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I got great reliability out of Rule pumps used in very high frequency applications like shower sumps (I use standard 2000's in the sumps because they were also designed to back up some of the smaller the bilges in high water). Something change in the last year or two?

The issue with using super high capacity pumps as your everyday bilge pump is that they draw more amps and thus will draw down batteries faster. You want the big pump as the high water back up, for when you really need it.
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Old 09-23-2015, 08:30 PM   #13
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Coulda been a lot worse, John. Glad you caught it. I typically carry three 2000's on my boat but your experience reminds me that I'm due to change-out my 8D's. Thanks for sharing the experience.
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Old 09-23-2015, 10:14 PM   #14
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Ok, how bad was this shaft seal leak that the second pump couldn't keep up with it? Was the second pump running when you got down to the boat? The concept behind 2 pumps is that sooner or later the primary will fail and the backup should be able to handle a situation like this. If the primary hadn't failed and the backup had, could the primary have handled this level of flooding? Think you need to reconsider if either of the pumps was of adequate size.

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Old 09-23-2015, 11:04 PM   #15
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It's always a relief returning to see the boat "on its lines" after being away.

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Old 09-23-2015, 11:35 PM   #16
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1000gph pumps are a waste of time for much of anything other than a shower sump maybe.

You should have at least two 2000s in your engine space. (A 2000 and a 3500+ would be better.) And more depending on the size of your boat and how it rides underway.

Plus a independently powered high water alarm.

Since most boats sink at the dock I don't understand way anybody wouldn't have a high water alarm.
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Old 09-23-2015, 11:52 PM   #17
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JW, get the highest capacity pump you can for the existing hose.
If I remember correctly that's going to be about 750 gph for a 3/4" hose, 2000 gph for an 1-1/8" hose and 3500 gph for 1-1/2" hose.

Of course it's not hard to install a bigger hose and thru-hull.

I had the same thing happen recently when I relied on my pumps to stay ahead of a leaky rudder post. I knew the auto switch on my big backup pump was bad but it was a slow leak and both of the small pumps were working fine. A couple of weeks went by before I got back to the boat and both of the small pumps were out and the water was over my starter solenoid. That's what inspired me to pull my engine, clean up the bilge and make the pumps easier to get to.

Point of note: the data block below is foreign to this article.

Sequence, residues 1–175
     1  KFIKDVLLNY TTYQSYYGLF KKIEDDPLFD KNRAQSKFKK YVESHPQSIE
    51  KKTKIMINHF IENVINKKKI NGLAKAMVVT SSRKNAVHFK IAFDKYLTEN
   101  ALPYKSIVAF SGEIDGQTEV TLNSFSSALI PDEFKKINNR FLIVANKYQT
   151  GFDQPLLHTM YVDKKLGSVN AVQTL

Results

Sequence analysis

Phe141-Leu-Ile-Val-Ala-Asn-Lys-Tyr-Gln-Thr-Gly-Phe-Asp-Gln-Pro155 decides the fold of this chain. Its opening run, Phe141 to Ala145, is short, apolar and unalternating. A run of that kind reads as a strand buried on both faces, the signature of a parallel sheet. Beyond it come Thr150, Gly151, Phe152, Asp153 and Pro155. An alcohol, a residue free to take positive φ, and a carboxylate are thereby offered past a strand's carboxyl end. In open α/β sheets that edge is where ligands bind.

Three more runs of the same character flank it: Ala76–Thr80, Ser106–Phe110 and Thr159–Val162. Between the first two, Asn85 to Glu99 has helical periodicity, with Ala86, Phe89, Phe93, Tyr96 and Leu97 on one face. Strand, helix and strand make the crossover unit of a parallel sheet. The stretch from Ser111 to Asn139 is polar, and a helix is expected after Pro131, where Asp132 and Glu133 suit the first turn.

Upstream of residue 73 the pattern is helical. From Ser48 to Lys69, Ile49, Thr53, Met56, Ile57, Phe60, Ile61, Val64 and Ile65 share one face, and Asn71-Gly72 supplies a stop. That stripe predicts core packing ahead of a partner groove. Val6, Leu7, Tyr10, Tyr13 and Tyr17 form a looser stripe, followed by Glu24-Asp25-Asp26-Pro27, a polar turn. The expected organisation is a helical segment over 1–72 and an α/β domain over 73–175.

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Old 09-24-2015, 02:27 PM   #18
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OK, lots of good info there, and I have digested it. Forward bilge pump was "burned up" and not working. The marina replaced it for me, and fixed the leak at the shaft. They said aft pump was working OK, but it did not have an automatic switch. Only works when manually turned on. I did not know that -- I thought both of them were automatic. So learned a couple of things. (a) check those shafts as part of the regular boat check when I go down. They are not that easy to get to, but just have to do it. (b) Do periodic checks that the bilge pumps are working. No telling how long that forward pump was out. I just figured that since the bilge was always dry, then things were rosy. Not so. Just didn't have a leak before.

Always a silver lining, though. Through hulls are fine, hoses are fine.

Now for some messy work in the bilge. High water brings crap up to places where crap didn't used to be.
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Old 09-24-2015, 05:24 PM   #19
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Now for some messy work in the bilge. High water brings crap up to places where crap didn't used to be.
Well now that the pumps are back online you can use a pressure washer tpo clean the beast out.
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Old 09-24-2015, 05:34 PM   #20
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Well now that the pumps are back online you can use a pressure washer to clean the beast out.
Hmm. Had not thought of that, but yeah, I could. Thanks for the suggestion. And I do have a pressure washer, so will not even have to rent one.

Boats are fun when everything is going right. Not so much fun at other times, though. :-)